From Sharon: So those of you who know I do MFR and have seen the news about the new “organ” - It’s fascia. Here’s what my teacher says...
Full Quote from Myofascial Release pioneer John F. Barnes to SmartHer News:
“It is refreshing to see science is finally catching up to what I’ve been teaching in my Myofascial Release seminars for the last 40 years. The fascial system is one of the most important structures of our body and is significantly tightened from physical or emotional trauma which produces crushing pressure on pain sensitive structures. It produces symptoms of pain, headaches, fibromyalgia and a myriad of women’s pain and health problems. The fascinating fascia is a liquid crystal three dimensional web. In the space of the web, which is actually not space, but a fluid/viscous substance called the ground substance of the fascia which tends to solidify due to trauma and is the main transport medium of our body. This means that whatever nutrition we ingest, the fluid we drink, the air we breathe, all the biochemistry hormones and information/energy that every one of the trillion of cells needs to thrive must go through the fluidity of the fascia.” “I would highly recommend purchasing Dr. Jean-Claude Guimberteau’s book, Architecture of Human Living Fascia. He is a French hand surgeon and he represents over 20 years of research on the fascial system. If you go to page 163, I have provided a more detailed explanation of the fascial system and Myofascial Release.”-John F. Barnes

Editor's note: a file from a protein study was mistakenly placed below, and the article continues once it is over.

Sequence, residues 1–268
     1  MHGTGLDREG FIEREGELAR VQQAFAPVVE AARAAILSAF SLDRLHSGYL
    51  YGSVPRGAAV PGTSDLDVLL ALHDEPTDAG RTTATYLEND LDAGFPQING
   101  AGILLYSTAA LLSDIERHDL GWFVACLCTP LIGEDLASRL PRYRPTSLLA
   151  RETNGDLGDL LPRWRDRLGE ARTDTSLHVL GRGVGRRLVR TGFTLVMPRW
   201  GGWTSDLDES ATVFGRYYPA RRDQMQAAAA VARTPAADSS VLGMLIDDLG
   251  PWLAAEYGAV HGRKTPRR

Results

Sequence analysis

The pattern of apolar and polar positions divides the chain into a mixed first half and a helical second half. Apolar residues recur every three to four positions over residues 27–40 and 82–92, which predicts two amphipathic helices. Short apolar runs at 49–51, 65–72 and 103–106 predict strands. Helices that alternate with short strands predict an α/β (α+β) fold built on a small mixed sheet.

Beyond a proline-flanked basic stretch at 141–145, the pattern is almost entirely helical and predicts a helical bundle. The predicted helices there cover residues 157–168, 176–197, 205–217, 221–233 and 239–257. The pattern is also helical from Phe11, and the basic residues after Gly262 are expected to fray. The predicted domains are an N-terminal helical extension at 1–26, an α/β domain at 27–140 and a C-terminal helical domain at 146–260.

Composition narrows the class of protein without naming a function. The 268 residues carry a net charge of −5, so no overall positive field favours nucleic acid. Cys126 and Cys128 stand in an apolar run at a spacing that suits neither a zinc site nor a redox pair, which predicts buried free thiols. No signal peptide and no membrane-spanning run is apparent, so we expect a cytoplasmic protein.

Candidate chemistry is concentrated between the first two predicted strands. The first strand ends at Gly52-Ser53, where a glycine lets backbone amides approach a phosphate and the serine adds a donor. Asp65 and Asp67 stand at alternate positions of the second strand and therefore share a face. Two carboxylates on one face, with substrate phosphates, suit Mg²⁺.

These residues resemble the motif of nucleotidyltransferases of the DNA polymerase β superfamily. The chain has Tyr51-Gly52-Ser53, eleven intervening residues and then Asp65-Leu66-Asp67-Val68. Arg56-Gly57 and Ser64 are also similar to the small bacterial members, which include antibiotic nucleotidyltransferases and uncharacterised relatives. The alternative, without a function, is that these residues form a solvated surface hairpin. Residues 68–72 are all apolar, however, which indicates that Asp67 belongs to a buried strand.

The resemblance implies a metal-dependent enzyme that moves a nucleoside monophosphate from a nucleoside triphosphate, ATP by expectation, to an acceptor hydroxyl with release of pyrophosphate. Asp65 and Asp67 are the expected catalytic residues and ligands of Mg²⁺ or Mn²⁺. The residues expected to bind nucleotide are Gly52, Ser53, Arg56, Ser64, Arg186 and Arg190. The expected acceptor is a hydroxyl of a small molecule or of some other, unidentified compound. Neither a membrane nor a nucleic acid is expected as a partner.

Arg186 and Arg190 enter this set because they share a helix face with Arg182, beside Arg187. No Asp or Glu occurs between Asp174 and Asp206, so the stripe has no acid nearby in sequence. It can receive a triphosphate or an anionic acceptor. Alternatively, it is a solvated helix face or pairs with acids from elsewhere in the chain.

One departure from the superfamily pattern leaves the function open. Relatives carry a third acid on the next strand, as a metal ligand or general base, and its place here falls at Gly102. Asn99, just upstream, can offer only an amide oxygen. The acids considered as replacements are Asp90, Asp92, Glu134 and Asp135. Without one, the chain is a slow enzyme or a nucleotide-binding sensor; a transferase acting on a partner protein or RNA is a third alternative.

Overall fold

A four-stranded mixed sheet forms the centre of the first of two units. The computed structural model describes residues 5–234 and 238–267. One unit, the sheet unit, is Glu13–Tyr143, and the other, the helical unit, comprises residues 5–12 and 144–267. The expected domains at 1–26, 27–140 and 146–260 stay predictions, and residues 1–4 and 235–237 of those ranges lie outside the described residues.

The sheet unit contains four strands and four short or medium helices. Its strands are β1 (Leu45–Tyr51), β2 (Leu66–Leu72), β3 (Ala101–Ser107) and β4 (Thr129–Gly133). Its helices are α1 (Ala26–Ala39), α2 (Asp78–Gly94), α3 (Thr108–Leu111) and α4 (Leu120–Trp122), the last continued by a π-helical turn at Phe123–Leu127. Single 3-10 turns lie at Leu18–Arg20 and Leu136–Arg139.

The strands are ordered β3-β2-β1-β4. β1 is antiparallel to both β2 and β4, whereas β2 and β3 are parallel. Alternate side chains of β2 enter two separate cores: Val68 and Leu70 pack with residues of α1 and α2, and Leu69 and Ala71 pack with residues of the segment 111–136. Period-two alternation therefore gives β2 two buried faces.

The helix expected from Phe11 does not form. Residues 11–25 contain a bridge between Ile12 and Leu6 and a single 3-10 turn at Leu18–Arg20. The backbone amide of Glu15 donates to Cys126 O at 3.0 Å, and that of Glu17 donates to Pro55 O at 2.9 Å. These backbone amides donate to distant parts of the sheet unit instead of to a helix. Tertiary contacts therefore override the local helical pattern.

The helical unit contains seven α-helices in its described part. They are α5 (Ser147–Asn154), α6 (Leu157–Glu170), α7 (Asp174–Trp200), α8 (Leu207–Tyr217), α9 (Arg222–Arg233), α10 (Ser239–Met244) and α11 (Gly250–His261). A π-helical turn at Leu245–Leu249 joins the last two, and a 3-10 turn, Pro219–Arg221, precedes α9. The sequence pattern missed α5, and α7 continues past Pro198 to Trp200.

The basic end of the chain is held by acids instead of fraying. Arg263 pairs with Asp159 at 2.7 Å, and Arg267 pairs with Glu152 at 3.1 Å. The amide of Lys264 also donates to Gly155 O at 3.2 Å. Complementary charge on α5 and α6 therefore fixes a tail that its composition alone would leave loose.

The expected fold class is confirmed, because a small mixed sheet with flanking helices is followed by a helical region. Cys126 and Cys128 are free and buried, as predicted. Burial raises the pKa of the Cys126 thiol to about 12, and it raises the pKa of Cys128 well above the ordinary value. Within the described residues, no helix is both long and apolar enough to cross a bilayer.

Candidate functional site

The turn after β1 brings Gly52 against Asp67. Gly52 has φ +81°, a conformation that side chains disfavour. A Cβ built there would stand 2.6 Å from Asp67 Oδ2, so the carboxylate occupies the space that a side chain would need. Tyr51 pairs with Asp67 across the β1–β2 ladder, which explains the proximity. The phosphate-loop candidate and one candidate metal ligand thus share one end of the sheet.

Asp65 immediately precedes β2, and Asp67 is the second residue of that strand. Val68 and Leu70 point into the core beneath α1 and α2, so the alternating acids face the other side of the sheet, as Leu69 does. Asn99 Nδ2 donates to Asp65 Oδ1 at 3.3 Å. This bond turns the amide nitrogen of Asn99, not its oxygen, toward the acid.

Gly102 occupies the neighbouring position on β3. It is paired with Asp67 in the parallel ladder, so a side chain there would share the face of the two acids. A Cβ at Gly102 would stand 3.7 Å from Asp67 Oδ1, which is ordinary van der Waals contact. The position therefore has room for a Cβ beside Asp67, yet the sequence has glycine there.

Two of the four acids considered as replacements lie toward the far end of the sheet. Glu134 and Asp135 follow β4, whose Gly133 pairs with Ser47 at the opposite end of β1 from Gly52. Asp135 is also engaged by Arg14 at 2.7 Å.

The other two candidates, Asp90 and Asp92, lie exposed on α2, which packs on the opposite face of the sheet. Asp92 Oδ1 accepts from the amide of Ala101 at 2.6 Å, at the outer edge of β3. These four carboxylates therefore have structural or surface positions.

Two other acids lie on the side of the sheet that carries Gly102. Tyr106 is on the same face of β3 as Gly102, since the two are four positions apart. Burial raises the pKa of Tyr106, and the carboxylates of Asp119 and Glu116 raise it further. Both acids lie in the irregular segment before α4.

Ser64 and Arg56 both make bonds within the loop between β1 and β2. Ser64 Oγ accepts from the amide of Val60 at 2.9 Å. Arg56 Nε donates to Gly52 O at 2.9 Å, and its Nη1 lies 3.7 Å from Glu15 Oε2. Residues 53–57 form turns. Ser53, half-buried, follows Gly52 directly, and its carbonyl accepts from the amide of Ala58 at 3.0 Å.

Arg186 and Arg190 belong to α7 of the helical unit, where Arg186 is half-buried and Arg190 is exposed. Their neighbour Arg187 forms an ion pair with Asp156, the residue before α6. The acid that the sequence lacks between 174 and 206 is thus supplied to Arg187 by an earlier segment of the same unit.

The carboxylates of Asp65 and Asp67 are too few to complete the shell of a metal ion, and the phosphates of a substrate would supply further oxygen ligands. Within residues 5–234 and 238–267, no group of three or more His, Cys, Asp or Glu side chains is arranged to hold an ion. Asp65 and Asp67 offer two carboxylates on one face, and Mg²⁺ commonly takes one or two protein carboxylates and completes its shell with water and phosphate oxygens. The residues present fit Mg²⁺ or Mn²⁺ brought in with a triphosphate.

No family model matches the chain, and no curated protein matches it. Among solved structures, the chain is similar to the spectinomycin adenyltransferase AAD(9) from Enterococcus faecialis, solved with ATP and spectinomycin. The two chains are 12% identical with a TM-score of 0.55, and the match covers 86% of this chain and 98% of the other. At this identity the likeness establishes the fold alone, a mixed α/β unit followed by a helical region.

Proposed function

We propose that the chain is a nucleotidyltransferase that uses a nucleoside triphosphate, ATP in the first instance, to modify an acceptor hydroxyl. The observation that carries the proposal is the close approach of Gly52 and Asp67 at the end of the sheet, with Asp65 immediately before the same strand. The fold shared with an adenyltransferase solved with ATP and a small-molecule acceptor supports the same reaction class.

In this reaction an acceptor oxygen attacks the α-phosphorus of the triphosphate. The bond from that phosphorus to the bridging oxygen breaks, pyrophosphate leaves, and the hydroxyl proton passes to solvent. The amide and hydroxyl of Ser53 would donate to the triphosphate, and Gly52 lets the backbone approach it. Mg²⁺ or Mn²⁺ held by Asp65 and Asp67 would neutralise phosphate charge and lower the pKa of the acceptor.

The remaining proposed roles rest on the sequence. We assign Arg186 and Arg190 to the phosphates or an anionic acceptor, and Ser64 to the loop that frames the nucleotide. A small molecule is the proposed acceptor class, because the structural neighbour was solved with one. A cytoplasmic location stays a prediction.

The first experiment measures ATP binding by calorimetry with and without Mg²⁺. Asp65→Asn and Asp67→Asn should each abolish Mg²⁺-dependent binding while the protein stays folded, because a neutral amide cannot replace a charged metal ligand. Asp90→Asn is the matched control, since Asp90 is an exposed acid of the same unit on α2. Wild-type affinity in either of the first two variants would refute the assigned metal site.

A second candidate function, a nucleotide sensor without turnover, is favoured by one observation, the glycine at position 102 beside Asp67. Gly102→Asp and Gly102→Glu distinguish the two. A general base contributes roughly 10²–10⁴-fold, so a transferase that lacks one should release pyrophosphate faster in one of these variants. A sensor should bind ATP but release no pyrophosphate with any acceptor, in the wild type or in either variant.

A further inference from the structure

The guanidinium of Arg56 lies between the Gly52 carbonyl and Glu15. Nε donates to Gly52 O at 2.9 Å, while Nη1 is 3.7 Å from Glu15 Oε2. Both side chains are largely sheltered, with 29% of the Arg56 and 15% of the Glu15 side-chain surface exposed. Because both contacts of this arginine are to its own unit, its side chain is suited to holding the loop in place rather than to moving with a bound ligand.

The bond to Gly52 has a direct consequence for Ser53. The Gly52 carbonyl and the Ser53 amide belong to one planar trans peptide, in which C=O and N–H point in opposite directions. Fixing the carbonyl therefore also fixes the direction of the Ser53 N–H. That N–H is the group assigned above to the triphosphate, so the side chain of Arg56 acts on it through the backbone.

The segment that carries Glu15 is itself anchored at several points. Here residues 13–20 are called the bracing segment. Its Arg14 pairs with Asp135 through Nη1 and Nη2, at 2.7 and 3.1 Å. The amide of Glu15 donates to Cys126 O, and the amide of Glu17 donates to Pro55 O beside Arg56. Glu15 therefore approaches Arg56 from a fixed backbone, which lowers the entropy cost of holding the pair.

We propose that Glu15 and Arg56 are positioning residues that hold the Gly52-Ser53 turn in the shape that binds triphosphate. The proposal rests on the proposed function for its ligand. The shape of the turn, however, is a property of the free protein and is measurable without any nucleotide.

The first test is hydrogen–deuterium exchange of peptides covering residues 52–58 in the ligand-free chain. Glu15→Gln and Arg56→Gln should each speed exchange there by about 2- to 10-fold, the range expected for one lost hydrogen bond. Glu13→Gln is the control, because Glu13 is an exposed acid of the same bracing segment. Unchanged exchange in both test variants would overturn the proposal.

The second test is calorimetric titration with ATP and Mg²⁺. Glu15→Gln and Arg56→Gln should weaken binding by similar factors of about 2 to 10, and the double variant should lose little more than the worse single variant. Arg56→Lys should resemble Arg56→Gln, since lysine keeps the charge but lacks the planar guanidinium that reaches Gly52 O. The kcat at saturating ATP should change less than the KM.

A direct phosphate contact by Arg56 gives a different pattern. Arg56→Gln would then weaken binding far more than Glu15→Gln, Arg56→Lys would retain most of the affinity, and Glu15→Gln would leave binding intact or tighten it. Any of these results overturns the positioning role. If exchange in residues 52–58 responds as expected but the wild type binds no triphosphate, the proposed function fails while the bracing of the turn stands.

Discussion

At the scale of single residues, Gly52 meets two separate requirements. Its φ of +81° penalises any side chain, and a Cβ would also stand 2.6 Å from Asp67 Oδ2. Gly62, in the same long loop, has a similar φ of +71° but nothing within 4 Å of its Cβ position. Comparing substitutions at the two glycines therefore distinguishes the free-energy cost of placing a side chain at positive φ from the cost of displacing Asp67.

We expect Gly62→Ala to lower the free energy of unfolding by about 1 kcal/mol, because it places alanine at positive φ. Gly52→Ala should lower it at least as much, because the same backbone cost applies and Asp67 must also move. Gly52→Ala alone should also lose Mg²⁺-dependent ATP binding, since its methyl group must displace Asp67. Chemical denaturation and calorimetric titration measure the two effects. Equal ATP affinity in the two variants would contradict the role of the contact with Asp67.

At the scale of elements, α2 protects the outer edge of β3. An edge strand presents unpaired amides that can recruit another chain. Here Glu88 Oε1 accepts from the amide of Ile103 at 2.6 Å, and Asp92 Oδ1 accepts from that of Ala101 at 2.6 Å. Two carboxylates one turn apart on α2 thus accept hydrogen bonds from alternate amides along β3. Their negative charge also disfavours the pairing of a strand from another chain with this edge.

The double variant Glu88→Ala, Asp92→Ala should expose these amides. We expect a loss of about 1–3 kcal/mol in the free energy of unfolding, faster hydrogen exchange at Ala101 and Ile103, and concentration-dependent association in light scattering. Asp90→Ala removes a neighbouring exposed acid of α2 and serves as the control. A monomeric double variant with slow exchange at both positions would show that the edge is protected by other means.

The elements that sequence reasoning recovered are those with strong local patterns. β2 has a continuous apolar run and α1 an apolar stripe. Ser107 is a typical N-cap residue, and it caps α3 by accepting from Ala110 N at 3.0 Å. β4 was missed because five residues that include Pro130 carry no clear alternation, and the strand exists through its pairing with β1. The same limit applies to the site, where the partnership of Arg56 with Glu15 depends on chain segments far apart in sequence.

Dr. Guimberteau, MD and John F. Barnes, PT have been in recent communication. Dr. Guimberteau requested that we post the following:
“Thank you for sending me this article that seems to cause a buzz. It actually calls for some comments.
Further explanation from Richard Harty, PT:
The imaging technique used by the New York University School of Medicine to look at the tissue they identified as a “new organ” is called Laser Scanning Confocal Microscopy. The main difference is you get an in-focus 3-dimensional view of living cells. A phosphorescent dye is absorbed by the proteins in the tissue sample. This lights up when struck by a laser. Each point is measured by a scanning device to form one layer of the picture. This same thing is done at multiple layers, so you get a focused 3-dimensional view of the structures built by computer image construction much like a 3-dimensional MRI.
Sharon Lindy P.T.
I'm a Physical Therapist who grew up on a farm in Pennsylvania, went to Oregon to see the ocean for the first time (and attend college) Moved to Texas once I graduated because I thought I had to prove I was independent and I've been a bit of a traveler ever since. I love horses, MFR and seeing the United States. Welcome to my site.
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